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Supply Chain 2.

0:
Managing Supply Chain Complexity in an
Age of Uncertainty

Emeritus Professor Martin Christopher


Cranfield School of Management
Cranfield University
Cranfield
Bedford MK43 0AL
United Kingdom

Tel : 44 (0)1234 751122 Fax : 44 (0)1234 721225


E-mail : m.g.christopher@cranfield.ac.uk
www.martin-christopher.info
Agenda

• Supply chain management: time for a re-think?

• Volatility and turbulence become the norm

• The impact of complexity on supply chain


performance

• Supply Chain 2.0: the search for structural


flexibility

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Enter ‘Supply-Chain Management’

“Through our study of firms in a variety of industries…we


found that the traditional approach of seeking trade-offs
among the various conflicting objectives of key functions –
purchasing, production, distribution and sales – along the
supply chain no longer worked very well. We needed a
new perspective and, following from it, a new approach:
Supply-chain management.”

R.K. Oliver & M.D. Webber


“Supply-chain management: logistics
catches up with strategy”
Outlook, 1982

Picture source: http://www.cargo-express.co.uk/logistics_supply_chain_management.htm

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The World in 1982

Michael Jackson
The Commodore releases Thriller
64 8-bit personal – the biggest
computer is selling album of
launched all time

The first
compact discs
Yuri Andropov appear
replaces
Leonid
Brezhnev
as head of Epcot
Soviet Union Centre
opens in
Florida

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Volatility Index

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Increasing Supply/Demand Uncertainty

Hi

Supply
Uncertainty

Lo
.

Lo Hi
Demand
Uncertainty
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Conventional supply chain design

• Based on conditions of relative stability

• Designed to optimise production flows

• Often based on ‘lean’ thinking

• Network optimisation based on cost rather than


responsiveness

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The Supply Chain’s Centre of Gravity is Shifting

Supply Side Demand Side


Vectors Vectors
• Labour Costs • Changing
demographics

• Materials and
resource • Disposable Income
Centre
availability of
Gravity • Changing consumer
preferences
• Skills

• Industry
• Transport Costs development

Picture source: http-//www.troyrawlings.com/images/scales_20of_20justice.jpg

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Complexity impedes agility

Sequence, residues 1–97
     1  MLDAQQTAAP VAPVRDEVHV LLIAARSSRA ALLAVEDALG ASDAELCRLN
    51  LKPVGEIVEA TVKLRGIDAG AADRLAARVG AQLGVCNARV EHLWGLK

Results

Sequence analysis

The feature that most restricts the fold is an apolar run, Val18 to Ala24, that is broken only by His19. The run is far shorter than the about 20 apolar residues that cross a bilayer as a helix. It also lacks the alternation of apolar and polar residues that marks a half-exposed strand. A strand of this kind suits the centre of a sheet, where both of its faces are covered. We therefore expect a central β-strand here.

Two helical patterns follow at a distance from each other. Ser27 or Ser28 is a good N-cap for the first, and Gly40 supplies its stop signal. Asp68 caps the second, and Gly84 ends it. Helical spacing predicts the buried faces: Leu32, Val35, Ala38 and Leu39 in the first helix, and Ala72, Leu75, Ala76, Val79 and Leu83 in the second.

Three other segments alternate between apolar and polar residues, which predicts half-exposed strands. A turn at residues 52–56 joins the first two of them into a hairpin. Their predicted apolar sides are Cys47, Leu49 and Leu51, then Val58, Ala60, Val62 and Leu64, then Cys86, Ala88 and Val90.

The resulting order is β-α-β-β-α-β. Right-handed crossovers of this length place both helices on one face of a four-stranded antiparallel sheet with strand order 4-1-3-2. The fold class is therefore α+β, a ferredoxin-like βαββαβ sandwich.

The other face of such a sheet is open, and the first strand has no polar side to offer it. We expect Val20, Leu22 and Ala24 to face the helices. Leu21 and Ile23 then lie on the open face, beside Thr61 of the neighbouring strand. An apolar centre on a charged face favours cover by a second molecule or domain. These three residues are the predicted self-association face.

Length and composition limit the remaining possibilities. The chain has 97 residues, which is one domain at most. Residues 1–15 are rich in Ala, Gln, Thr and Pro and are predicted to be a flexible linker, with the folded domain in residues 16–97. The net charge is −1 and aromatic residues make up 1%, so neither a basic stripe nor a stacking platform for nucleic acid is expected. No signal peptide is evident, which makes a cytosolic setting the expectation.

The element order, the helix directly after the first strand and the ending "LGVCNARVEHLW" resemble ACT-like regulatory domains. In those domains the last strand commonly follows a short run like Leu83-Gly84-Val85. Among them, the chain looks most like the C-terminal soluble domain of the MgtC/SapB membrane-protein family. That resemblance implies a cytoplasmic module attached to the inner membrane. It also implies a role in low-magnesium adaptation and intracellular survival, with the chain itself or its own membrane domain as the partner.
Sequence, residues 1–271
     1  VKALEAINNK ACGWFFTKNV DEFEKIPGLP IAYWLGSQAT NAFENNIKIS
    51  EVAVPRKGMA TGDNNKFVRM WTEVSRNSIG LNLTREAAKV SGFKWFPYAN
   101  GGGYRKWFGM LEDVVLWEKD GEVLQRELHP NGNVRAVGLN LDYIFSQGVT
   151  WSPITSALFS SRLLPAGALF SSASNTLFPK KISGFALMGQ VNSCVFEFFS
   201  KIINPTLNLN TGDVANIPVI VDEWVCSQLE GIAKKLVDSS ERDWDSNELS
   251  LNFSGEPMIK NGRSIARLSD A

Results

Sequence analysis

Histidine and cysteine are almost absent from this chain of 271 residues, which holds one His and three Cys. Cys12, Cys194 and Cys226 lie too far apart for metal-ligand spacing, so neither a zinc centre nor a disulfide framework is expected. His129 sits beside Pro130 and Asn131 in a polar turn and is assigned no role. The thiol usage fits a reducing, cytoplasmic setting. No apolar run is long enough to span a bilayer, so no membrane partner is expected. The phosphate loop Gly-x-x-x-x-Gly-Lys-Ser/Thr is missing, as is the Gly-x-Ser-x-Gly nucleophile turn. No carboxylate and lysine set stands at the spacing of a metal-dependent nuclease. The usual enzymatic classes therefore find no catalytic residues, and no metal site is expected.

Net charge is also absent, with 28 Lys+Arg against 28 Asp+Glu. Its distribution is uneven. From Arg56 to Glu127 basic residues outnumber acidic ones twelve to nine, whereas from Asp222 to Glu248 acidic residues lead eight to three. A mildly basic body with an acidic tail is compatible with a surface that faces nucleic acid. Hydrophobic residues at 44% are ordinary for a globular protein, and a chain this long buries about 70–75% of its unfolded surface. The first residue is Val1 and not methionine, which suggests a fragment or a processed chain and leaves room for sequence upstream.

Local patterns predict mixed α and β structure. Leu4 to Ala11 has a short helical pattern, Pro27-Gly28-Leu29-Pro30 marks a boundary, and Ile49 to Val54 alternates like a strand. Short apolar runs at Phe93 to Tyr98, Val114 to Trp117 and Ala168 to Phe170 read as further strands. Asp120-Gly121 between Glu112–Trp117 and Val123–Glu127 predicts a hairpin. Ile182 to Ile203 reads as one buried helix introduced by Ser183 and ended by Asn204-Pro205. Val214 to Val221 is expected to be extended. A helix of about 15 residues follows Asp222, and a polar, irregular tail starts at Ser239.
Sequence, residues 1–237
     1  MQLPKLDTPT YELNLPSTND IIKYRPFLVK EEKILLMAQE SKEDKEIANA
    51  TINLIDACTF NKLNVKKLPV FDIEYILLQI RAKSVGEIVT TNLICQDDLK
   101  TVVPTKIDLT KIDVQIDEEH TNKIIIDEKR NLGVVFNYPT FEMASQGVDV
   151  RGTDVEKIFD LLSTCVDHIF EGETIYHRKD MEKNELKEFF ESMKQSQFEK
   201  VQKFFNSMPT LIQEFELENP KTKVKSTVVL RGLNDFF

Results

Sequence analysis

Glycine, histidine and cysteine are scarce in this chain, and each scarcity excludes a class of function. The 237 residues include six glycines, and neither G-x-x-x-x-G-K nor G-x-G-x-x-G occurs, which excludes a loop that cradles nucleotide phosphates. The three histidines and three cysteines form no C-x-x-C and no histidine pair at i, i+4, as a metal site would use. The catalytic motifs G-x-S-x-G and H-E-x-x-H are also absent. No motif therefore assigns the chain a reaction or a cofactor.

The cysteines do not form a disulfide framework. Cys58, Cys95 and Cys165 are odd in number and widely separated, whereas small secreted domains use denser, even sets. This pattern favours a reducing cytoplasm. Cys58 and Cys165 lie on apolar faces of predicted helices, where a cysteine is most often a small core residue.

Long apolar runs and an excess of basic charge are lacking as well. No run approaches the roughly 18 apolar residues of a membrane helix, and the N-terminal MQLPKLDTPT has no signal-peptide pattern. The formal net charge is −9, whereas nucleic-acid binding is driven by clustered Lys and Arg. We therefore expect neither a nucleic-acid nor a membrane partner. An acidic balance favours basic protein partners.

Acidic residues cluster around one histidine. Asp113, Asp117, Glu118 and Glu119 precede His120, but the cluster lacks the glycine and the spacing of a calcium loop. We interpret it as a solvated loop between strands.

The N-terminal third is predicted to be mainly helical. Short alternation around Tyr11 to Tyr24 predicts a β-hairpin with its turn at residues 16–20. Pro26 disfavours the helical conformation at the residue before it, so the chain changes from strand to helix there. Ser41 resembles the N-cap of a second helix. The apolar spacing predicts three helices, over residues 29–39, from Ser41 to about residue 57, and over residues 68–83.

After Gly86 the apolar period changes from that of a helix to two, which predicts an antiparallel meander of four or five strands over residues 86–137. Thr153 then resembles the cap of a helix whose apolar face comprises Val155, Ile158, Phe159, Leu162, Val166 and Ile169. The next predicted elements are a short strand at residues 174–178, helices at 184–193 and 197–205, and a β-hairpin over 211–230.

• One of the biggest barriers to improving agility in the


supply chain is complexity.

• Complexity is also one of the major drivers of cost in


the end-to-end supply chain.

• Supply chain managers must become ‘complexity


Masters’ if the goal is to enhance agility at less cost.

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Complexity in the global supply chain : the Boeing 787

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Seven types of supply chain complexity

• Network complexity e.g. too many nodes and links

• Process complexity e.g. too many steps

• Range complexity e.g. too wide a range

• Product complexity e.g. too many unique components

• Customer complexity e.g. too many service options

• Supplier complexity e.g. too many suppliers

• Organisational complexity e.g. too many levels and


‘silos’
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Coping with supply chain complexity

• Deep customer insight to identify the things that


customers value - the ‘order winning criteria’

• Supply chain processes must align with the value


proposition

• Eliminate the complexity that customers will not pay for

• Exploit the complexity that customers value but seek


to minimise the costs involved

• Use appropriate KPIs to ensure that complexity is a


business priority

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Structural vs Dynamic Flexibility

Dynamic flexibility is a reflection of the agility of the


supply chain, particularly its ability to respond rapidly
to variations in volume and mix.

Structural flexibility is the ability of the supply chain


to adapt to fundamental change, e.g. if the ‘centre of
gravity’ of the supply chain changes, can the system
change?

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Moving from dynamic to structural flexibility

Structural
Flexibility
Low High
High
Efficient Adaptable
Supply Supply
Chain Chain
Dynamic
Flexibility
Traditional
Supply
Chain
Low

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Gaining structural flexibility

• Investigate ‘local-for-local’ alternative to global


sourcing and centralised manufacturing

• Focus on the ‘economies of scope’ rather than the


‘economies of scale’

• Create ‘bandwidth’ through asset sharing, e.g.


capacity and inventory

• Adopt a ‘real options’ approach to supply chain


decision making

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Changing business models

• From vertical to virtual


• From stand-alone to
network competition
• From lean to agile to
‘leagile’
• From dynamic to
structural flexibility

Picture source: http://gust.com/angel-investing/startup-


blogs/wp-content/uploads/2012/05/New-Business-Model.jpg

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